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The 49ers coach Kyle Shanahan  speaks on  Brock  Purdy’s   ‘coolest’   trait

Shanahan also discussed the differences between Purdy and Matt Ryan.

Debates about whether Brock Purdy is an MVP candidate are often empty and devoid of substance. We ignore how Pardee stepped up his offense.

He was in no rush to take Purdy’s crown this offseason, as he wanted to pick up where he left off last year.

Well, it didn’t take long until I turned 23. From using the entire field to throwing the ball deep, Purdy helped maximize this offense.

He used his legs and mobility mostly as needed to keep the offense on the field. But coach Kyle Shanahan explained that Purdy’s best trait isn’t physical.

“I mean, I think it’s something he does very naturally. I feel like Brock’s talent can’t always be appreciated.

I think vision and all that stuff is very important. This isn’t just a question of ‘Is it 20/20?’ There are different types of vision.

Looking outward, looking broadly inward, for example, are just words I know nothing about. But how your eyes see things is very important.

I think Brock recognizes the speed and level of things, knows the holes and the defenders and what they need to defend.

But there is always progress. “Okay, we’re going to put on this play here,” but this person may not be able to get the job done.

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So you have to feel it and be confident that when he gets the job done we will be in second place.

This is what he usually does. Brock went for number one, which wasn’t on the tape, but he didn’t back down, we had a fast guy there and you better back off.

He hesitated a little, and Brock noticed it. So he sees it and reacts without remembering or guessing, and that’s the coolest thing about him.”

Shanahan went on to use himself as an example to explain what Purdy does.

“That said, there is always progress, but you can say this guy is number one in the game in progress, but the coverage they play in is never open.

So you have to see that it is covered, which means the number two is open.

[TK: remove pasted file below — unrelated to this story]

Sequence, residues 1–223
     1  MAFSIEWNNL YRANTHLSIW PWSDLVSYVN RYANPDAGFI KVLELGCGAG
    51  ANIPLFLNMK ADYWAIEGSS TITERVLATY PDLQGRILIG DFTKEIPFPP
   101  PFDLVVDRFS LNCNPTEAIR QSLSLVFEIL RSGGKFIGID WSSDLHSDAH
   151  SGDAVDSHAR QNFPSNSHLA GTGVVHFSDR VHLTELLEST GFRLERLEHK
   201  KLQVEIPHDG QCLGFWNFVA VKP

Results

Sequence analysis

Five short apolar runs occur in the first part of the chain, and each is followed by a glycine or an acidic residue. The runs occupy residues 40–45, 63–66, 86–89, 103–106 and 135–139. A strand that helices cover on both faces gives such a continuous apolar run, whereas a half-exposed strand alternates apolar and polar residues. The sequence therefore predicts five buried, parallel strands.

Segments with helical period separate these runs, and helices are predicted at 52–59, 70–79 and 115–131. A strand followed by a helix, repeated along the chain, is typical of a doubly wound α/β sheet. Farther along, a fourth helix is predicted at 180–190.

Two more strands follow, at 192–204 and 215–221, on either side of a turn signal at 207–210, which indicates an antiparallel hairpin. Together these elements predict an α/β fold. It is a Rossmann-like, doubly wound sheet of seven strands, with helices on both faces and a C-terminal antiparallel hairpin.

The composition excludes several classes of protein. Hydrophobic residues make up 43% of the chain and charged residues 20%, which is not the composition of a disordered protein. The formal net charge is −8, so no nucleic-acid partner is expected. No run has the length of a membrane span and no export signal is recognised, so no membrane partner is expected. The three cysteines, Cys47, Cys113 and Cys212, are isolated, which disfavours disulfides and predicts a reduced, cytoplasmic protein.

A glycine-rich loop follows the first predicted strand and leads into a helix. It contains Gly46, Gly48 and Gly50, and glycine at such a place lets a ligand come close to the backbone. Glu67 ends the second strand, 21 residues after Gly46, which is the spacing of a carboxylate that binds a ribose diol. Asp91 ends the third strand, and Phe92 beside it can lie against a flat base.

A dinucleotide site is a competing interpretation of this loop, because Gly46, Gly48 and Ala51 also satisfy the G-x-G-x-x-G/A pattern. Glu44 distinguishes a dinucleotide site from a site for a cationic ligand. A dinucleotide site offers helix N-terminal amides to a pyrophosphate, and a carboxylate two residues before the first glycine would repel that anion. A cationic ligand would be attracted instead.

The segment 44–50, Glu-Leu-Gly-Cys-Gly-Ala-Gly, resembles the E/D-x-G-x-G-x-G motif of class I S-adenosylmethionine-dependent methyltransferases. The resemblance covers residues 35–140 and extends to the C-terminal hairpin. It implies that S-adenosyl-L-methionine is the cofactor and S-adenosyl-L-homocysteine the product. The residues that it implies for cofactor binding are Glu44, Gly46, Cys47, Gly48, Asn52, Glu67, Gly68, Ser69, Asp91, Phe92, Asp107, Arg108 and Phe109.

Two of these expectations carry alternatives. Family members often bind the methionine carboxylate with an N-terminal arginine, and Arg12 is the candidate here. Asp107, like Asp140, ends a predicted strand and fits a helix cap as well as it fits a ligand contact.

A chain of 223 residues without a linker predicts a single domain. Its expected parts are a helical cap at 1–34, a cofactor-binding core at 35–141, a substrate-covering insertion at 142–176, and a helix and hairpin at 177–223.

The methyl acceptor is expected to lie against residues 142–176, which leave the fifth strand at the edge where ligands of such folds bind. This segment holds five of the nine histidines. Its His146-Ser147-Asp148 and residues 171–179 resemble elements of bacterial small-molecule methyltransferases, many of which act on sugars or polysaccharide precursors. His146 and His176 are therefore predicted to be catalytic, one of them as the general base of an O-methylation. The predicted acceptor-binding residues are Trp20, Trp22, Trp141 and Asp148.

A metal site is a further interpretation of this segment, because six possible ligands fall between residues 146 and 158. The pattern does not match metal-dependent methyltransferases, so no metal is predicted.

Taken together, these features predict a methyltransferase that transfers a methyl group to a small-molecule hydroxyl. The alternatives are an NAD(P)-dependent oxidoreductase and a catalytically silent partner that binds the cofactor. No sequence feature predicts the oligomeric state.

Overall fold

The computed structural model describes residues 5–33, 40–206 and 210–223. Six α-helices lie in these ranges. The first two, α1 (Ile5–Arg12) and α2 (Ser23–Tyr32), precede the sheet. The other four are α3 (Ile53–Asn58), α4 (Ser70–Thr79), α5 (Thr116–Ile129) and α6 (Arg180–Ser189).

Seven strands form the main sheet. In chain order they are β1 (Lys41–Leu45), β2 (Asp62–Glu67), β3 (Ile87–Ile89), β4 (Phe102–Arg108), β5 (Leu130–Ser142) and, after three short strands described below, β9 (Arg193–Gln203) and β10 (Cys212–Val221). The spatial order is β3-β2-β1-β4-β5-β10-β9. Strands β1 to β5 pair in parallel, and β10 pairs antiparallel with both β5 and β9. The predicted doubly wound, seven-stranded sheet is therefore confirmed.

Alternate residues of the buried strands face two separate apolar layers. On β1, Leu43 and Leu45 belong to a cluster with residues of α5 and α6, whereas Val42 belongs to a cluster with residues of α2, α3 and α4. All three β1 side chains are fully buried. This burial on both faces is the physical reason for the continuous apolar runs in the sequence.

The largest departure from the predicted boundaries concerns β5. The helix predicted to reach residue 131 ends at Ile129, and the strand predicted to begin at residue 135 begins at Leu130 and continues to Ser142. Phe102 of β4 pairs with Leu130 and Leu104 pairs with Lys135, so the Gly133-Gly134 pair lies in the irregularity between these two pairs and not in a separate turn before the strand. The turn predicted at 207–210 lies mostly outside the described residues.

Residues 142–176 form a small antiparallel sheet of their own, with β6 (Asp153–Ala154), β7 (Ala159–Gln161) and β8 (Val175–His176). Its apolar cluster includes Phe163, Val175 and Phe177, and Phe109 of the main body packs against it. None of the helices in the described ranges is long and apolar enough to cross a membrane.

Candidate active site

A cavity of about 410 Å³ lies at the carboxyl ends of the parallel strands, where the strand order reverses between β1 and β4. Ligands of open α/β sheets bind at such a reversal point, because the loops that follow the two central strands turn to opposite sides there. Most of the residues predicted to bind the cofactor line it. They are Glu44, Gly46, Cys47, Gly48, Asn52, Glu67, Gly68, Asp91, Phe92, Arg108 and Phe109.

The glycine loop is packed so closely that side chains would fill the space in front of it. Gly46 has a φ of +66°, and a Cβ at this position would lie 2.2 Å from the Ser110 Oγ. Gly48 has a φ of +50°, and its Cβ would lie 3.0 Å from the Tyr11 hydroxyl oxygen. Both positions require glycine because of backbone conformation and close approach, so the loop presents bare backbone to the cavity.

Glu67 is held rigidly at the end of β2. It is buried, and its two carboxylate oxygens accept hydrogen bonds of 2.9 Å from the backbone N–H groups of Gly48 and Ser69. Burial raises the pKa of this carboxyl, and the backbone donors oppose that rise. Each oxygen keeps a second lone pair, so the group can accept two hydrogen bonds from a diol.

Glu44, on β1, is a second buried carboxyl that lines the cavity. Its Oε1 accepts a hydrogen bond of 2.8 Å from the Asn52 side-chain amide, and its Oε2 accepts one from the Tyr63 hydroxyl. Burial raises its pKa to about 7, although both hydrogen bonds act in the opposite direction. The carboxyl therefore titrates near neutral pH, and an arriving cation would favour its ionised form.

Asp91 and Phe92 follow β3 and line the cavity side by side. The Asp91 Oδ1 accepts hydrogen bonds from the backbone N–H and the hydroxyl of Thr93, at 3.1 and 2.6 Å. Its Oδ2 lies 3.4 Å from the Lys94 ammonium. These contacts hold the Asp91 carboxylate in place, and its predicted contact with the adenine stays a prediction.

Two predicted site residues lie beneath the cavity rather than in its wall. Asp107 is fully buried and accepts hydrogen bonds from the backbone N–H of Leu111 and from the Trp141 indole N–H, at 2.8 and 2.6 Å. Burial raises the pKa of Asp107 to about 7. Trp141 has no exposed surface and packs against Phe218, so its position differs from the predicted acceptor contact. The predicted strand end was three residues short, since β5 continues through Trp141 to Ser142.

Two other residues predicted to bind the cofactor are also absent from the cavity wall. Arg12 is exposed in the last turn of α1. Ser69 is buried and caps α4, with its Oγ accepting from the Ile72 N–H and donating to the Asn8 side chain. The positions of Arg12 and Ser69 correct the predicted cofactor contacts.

But you can’t get that coverage and go straight to number 2 and then go back to number 1 if it’s covered, so you have to check everything. I mean, if I went there and played quarterback,

I have no idea what’s going on. I memorized the coverage, tried programming it ahead of time, and then said, “Okay, I think that’s it. Let’s move on to number three.”

Then, as soon as you get scammed and try to get back to first place, you either throw a pick or get fired.

So, even though you know what’s going on, you still try to keep playing the game and not get distracted by coaches talking and filming and things like that.

You have to get into your pocket, read and react. “That’s why it’s really difficult to take on this position,” he said.

Even if Shanahan didn’t know he was doing it, he may or may not have taken a hit on the former quarterback.

Brock comes into the game and lets the defense tell him what to do. Some may decide in advance what to do based on the game’s challenges.

Finally, Shanahan talks about the differences between Purdy and Matt Ryan.

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“That’s right. Anyone can improve with repetition. Matt felt much more comfortable in his second year than in his first.

But what made it harder for Matt was that I got there in 8th grade and he played with six different coordinators.

So there’s more football on his mind. So you went through everything and Brock came away with a pretty clean slate.

Brock always attacked, learned, reacted and played the way he played. It’s another thing to think of further plans before getting close to someone.”

So Purdy didn’t have to handle many other NFL offenses, which seemed to help him become a sponge under Shanahan.

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